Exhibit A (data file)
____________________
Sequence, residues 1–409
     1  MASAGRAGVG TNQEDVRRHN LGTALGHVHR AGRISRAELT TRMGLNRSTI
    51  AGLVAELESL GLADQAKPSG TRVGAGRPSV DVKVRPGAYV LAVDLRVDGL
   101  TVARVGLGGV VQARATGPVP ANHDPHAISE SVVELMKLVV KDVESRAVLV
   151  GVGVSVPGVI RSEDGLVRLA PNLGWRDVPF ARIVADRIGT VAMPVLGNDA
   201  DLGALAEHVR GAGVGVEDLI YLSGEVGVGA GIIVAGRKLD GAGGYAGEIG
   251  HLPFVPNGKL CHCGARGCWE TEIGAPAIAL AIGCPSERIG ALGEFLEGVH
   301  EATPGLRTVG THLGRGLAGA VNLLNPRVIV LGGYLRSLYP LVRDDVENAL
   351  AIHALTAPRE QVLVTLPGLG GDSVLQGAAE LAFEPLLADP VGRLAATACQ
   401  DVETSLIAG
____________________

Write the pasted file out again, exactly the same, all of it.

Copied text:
Sequence, residues 1–409
     1  MASAGRAGVG TNQEDVRRHN LGTALGHVHR AGRISRAELT TRMGLNRSTI
    51  AGLVAELESL GLADQAKPSG TRVGAGRPSV DVKVRPGAYV LAVDLRVDGL
   101  TVARVGLGGV VQARATGPVP ANHDPHAISE SVVELMKLVV KDVESRAVLV
   151  GVGVSVPGVI RSEDGLVRLA PNLGWRDVPF ARIVADRIGT VAMPVLGNDA
   201  DLGALAEHVR GAGVGVEDLI YLSGEVGVGA GIIVAGRKLD GAGGYAGEIG
   251  HLPFVPNGKL CHCGARGCWE TEIGAPAIAL AIGCPSERIG ALGEFLEGVH
   301  EATPGLRTVG THLGRGLAGA VNLLNPRVIV LGGYLRSLYP LVRDDVENAL
   351  AIHALTAPRE QVLVTLPGLG GDSVLQGAAE LAFEPLLADP VGRLAATACQ
   401  DVETSLIAG